Why didn't we know this since these landings?


k-laz t1_je0k9r2 wrote

So..... are we doing a good thing by locking up clean water in half-drunk water bottles buried in landfills around the world?


PuppetryOfThePenis t1_je0nb5f wrote

That way when our species is dead and gone for a millenia and then aliens come to visit they'll see there was water on our planet!

What if our species originated from Mars, and we flew to Earth because we wrecked our environment. Then we had a massive war with each other and practically all but died out, then we started to slowly build back up and now we're looking at Mars like maybe it's something we could explore. Like it's calling back to us. Maybe that's why we can't find the exact link between us and primates? lol that would be a trip.


VikingSlayer t1_je0rqid wrote

We are primates lol

And it's impossible to find the one "exact link" where we branched off from, say, chimpanzees, the odds that that individual was fossilised and we can extract DNA are just so incredibly tiny.


CoffeeWithMoreBleach t1_je19yxm wrote

It’s a possibility if aliens looked like squirrels millions of years ago, but yeah bigger chance there’s Bigfoot out there then us not being true primates.


k-laz t1_je0nqy6 wrote

Did we leave ourselves water on Mars? How many times did we perform this dance? We have been to Mars twice and this is our third time on Earth?


Politirotica t1_je3fu6x wrote

We started on Mars and somehow stripped away most of the atmosphere. Then we went to Venus and caused runaway global warming. Then we came here and, well, you know. /s


russmbiz t1_je0vq9t wrote

We have all the links between us and our ancestors. You can't find a link between you and your cousin unless you count your grandparents.


arshesney t1_je1ln5g wrote

Mars was too cold and atmosphere didn't really stuck. Venus was much better, but look at how that turned out and that's just for a bit of much needed AC.
Good thing that in the mentime that hellish third planet turned out pretty nice, they say third time the charm, no..?


Dark_Seraphim_ t1_je1bm1m wrote

Venus* we came from Venus, Mars is next when we've depleted Earth/it can no longer sustain humans.

Speculative, and yet saddening


NotYetSoonEnough t1_je0rfoa wrote

I’ve thought about this. Has there ever been a realistic estimation on whether or not there’s water being held captive inside of plastic bottles in landfills?


k-laz t1_je0yesl wrote

I found this source suggesting 22 million gallons annually.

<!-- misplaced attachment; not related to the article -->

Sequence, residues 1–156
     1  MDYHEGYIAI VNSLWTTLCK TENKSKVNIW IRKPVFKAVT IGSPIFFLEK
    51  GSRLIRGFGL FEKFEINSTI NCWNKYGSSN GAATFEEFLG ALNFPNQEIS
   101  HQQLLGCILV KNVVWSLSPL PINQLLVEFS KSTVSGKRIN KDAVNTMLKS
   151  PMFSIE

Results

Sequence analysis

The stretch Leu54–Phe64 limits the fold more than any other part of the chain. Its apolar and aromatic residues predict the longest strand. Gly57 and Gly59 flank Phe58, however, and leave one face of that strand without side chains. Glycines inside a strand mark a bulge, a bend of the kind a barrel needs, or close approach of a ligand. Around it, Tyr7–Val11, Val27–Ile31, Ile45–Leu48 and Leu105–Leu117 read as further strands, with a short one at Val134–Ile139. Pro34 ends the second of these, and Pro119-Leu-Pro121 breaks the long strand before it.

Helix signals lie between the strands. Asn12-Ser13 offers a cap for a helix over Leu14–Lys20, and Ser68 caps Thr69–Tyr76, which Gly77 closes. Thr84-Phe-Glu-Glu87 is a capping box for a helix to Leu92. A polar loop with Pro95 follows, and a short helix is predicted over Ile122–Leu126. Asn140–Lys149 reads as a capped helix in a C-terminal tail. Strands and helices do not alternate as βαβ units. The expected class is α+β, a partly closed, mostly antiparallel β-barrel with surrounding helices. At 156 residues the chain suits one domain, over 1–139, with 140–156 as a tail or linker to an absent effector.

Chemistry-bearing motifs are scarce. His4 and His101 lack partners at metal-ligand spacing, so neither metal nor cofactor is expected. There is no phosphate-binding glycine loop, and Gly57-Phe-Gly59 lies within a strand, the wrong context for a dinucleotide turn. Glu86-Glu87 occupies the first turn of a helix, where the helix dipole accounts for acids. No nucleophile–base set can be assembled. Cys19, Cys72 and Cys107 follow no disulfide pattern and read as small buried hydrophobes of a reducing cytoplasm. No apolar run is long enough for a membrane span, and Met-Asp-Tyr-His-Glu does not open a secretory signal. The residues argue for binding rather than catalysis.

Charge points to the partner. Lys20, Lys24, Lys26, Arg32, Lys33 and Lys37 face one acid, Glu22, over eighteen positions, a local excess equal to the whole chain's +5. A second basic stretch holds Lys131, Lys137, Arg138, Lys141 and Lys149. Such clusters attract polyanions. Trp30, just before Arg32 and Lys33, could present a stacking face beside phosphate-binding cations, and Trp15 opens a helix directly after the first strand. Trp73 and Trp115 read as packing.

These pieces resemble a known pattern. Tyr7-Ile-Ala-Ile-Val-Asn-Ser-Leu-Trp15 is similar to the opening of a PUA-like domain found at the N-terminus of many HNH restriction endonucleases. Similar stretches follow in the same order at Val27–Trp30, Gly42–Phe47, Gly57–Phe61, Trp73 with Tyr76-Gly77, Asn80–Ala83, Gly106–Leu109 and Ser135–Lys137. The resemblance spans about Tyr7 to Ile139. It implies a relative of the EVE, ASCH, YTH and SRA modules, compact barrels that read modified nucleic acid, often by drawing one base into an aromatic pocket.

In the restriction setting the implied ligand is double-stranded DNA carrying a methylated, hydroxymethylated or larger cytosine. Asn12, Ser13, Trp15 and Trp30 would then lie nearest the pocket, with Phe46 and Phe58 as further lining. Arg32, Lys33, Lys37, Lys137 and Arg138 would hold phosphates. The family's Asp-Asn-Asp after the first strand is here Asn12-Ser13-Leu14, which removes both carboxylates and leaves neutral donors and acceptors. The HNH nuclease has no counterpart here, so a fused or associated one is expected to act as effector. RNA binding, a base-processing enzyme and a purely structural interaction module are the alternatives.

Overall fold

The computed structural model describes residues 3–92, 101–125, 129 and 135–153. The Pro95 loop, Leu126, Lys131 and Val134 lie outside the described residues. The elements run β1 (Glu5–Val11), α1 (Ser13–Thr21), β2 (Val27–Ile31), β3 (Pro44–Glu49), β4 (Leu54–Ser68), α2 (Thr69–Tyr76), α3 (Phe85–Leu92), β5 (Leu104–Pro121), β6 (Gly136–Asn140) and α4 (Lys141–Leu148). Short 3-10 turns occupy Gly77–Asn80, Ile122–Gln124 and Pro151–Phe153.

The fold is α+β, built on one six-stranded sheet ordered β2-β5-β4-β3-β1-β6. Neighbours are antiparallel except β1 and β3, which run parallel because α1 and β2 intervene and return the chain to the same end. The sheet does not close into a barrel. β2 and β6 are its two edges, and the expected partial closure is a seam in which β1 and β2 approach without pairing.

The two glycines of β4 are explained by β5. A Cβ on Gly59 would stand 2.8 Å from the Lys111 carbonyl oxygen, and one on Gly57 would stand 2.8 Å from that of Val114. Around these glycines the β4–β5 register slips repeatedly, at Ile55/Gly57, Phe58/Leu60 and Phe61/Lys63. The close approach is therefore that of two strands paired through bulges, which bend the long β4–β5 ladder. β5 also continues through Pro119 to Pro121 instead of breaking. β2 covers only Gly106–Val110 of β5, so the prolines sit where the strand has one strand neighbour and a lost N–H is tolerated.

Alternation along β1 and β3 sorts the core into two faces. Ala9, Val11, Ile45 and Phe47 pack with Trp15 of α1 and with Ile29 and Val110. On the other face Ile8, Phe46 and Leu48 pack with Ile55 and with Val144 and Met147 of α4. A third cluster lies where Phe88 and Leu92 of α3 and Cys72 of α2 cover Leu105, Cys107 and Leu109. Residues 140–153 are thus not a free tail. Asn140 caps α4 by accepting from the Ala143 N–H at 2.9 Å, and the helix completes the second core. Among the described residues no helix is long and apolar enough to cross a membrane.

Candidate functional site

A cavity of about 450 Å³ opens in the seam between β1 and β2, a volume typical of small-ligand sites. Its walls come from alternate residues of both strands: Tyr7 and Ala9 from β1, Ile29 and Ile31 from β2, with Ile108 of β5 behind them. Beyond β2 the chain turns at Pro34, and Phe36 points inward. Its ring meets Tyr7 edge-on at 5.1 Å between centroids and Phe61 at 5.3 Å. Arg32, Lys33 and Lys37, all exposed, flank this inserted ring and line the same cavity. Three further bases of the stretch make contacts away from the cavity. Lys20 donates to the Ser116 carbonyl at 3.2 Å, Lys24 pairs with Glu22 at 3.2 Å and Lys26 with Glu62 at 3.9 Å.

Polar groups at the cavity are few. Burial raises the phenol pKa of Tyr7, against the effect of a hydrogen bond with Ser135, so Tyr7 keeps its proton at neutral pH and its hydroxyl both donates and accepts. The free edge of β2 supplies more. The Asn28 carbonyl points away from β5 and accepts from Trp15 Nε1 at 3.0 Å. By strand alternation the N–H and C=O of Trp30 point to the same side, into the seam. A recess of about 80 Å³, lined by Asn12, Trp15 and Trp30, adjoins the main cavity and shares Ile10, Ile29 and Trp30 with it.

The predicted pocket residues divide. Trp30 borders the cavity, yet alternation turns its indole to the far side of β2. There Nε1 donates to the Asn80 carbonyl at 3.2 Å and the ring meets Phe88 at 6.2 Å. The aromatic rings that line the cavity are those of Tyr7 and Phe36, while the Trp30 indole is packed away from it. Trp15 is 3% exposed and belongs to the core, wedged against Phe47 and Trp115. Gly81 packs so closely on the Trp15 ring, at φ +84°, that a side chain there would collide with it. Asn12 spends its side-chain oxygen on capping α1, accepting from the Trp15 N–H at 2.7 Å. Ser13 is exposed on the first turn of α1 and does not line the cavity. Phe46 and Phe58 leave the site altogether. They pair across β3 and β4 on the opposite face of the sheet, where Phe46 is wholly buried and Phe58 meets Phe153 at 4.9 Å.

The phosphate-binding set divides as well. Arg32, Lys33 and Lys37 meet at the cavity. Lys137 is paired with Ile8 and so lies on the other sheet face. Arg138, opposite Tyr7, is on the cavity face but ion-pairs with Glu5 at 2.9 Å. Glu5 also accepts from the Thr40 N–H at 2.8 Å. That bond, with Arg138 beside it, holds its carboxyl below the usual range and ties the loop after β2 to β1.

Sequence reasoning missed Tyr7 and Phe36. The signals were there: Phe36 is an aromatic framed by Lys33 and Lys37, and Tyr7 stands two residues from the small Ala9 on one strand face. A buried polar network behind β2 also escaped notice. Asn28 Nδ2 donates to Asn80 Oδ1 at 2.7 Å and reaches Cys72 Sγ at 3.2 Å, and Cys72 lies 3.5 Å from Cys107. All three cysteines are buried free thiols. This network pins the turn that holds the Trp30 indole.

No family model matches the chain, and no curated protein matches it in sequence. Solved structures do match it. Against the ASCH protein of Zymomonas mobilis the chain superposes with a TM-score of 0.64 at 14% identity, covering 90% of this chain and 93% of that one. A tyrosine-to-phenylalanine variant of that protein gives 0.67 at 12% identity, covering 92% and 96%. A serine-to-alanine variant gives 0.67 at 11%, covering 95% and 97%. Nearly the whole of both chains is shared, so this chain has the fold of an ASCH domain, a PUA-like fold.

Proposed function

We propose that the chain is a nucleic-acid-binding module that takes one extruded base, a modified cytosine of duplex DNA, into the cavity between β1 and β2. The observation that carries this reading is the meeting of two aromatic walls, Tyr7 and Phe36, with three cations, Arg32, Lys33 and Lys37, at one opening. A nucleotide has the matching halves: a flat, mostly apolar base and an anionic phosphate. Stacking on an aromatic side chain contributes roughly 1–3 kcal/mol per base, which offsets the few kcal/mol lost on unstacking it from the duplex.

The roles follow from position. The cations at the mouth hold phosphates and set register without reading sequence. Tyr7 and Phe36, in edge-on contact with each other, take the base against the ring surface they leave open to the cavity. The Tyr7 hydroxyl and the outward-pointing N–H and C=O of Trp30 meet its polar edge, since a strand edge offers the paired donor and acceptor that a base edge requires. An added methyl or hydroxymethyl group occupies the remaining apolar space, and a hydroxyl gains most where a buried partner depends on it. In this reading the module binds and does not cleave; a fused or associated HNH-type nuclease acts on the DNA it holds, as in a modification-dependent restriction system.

It's on the internet, so it must be true.


lolwutpear t1_je1xgkp wrote

>22 million gallons annually

Or about 67 acre-feet. For comparison, California's reservoirs have a capacity of slightly over 40 million acre-feet.

Obviously we should try to conserve fresh water everywhere, but I think we've got bigger fish to fry.


Orffen t1_je2doz3 wrote

This is the first time I’ve heard of acre-feet. Why can’t we just use OSI measurements like football fields?!


Neonvaporeon t1_je2g4lv wrote

Acre-feet is an agricultural term so that's probably why you haven't heard of it. Feet of water is generally used to describe how much water a plant needs, acre-feet are how much water a crop needs (almonds need 4 acre-feet of water annually in California.)


Orffen t1_je2hoak wrote

But a foot is a measurement of length isn’t it? Why would you describe a volume of water using feet?


Neonvaporeon t1_je2ivgw wrote

Plants generally capture water through their roots which typically spread evenly in all directions, water travels down through the soil until it hits a ledge then travels along its path (called percolation.) That means a rough measure of the amount of water is plenty to guage requirements for shallow rooted plants, like most food crops. An acre is a measure of area and a foot is a measure of length, combined those give the 3 dimensions to make volume. Water is sold by volume, and for agricultural purposes that is the measure it is sold by to farms (typically.)


CaptainKink t1_je2j8ac wrote

One acre of land covered with water one foot deep. One step short of just calculating total volume. Much simpler to work with for the farmers.


warthog0869 t1_je2u2px wrote

Plus, if you don't build it within the acreage confines of the well-watered cornfields, Ray Liotta and them won't come.


Kapitan_eXtreme t1_je2z3se wrote

The hell is an acre-foot?


cratermoon t1_je31dgs wrote

The volume of water it would take to cover an area of acre to a depth of 1 foot. That's 43560 cubic feet, 325,851 gallons, or 1,233,481.8 liters


EightballTV t1_je1lcm6 wrote

"Very real problem"

I mean, it's real, it's not a problem though, lmao.

"Oh no, this water doesn't go back into the water cycle"

As if we don't have a planet with 90% oceans and issues with global warming and rising sea levels, soon it will be 95% lol. Maybe we should be putting MORE in bottles, fuck me, what a non issue.

Infact, the more I read that article, the more I realise how much bullshit it actually is. They seem to think water in bottles is no longer in our atmosphere. No, it's still in our atmosphere. Plastic doesn't last forever. We aren't launching it into the sun ffs.

"While nearly 70% of the world is covered by water, only 2.5% of it is fresh. The rest is saline and ocean-based. Even then, just 1% of our freshwater is easily accessible, with much of it trapped in glaciers and snowfields."

They do know how rain works, yeah? That the 2.5% fresh water is taken from the oceans, then dropped onto the mountains as rain, where the mountains filter it? Have they even heard of clouds before? I mean, I was taught that at like 8 years old or less.

And if you wanna talk about droughts, and the effect of droughts, then I can guarantee you the droughts were not caused by some water being in a bottle, lmao. Maybe they should take up a new cause that actually matters, like global warming.


Fit-Capital1526 t1_je1nhfm wrote

An awful lot of water is locked in the ground anyway. This has very little affect overall. It barely touches what is entering the short term water cycle from the melting of Greenland (which was declared doomed a few years ago)